When Gavin Newsom visited San Jose State one year ago, he discussed how public universities must evolve. His March 28 visit was much the same.
As the keynote speaker at a King Library luncheon organized by the Committee for Economic Development (CED), a nonprofit, nonpartisan, business-led public policy organization based in Washington, D.C., the lieutenant governor told business and education leaders that California’s public university systems are “selling an industrial version of education in a communications age.”
Citing unemployment rates as high as 25 percent in Colusa County, in comparison with seven percent in Santa Clara County, Newsom urged both systems to develop “action plans” addressing “this Gatsby Curve that now exists quite acutely.”
What used to be a moral thing to do,” CED Executive Vice President Michael Petro said of public education, “is now an economic imperative.”
Investing in Education
The Committee for Economic Development hosted the event to discuss its recent report, “Boosting California’s Postsecondary Education Performance.” The study focuses on “broad-access” institutions, “where the vast majority of the workers will be educated,” Petro said.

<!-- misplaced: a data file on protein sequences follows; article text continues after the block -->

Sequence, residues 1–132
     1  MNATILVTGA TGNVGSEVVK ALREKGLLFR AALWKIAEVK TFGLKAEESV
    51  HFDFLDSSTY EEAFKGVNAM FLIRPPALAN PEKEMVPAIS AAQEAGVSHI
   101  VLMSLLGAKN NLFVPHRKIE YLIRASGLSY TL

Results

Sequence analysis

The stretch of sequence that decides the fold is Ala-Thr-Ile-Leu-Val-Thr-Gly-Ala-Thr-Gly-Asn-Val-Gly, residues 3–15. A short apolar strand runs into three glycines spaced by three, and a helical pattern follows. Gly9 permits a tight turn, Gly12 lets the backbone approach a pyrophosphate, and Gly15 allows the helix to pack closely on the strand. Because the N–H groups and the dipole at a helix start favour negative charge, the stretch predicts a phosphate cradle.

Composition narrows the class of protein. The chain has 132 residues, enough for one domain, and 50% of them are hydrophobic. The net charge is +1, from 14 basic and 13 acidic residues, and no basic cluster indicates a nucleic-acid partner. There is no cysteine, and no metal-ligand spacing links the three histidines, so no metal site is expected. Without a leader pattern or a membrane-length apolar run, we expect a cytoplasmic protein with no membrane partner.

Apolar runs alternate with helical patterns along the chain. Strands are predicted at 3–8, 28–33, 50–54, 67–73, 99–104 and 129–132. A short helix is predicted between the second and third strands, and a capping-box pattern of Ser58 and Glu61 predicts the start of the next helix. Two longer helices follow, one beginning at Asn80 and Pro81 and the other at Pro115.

During a panel discussion, Elaine Chin, dean of the Connie L. Lurie College of Education, noted “decades of dis-investment,” have eroded efforts to make good on philosopher John Dewey’s vision:
“What the best and wisest parent wants for his own child, that must the community want for all of its children.”
An Inflection Point
Jay Banfield, founding executive director of Year Up, agreed that the country had hit an inflection point, where “companies are struggling to find talent” yet “talented young people are struggling to find opportunities.”
This connected to a question from moderator Lenny Mendonca, director emeritus of McKinsey & Company and a CED trustee to ask: What do CEOs look for when hiring?
“The ability to switch from a fixed mindset to a growth mindset, the ability to change, and the ability to participate in a team,” said David F. Welch, co-founder and president of Infinera.
They need to have the perspective that it’s going to be a wild ride,” Welch added, “so accept it.”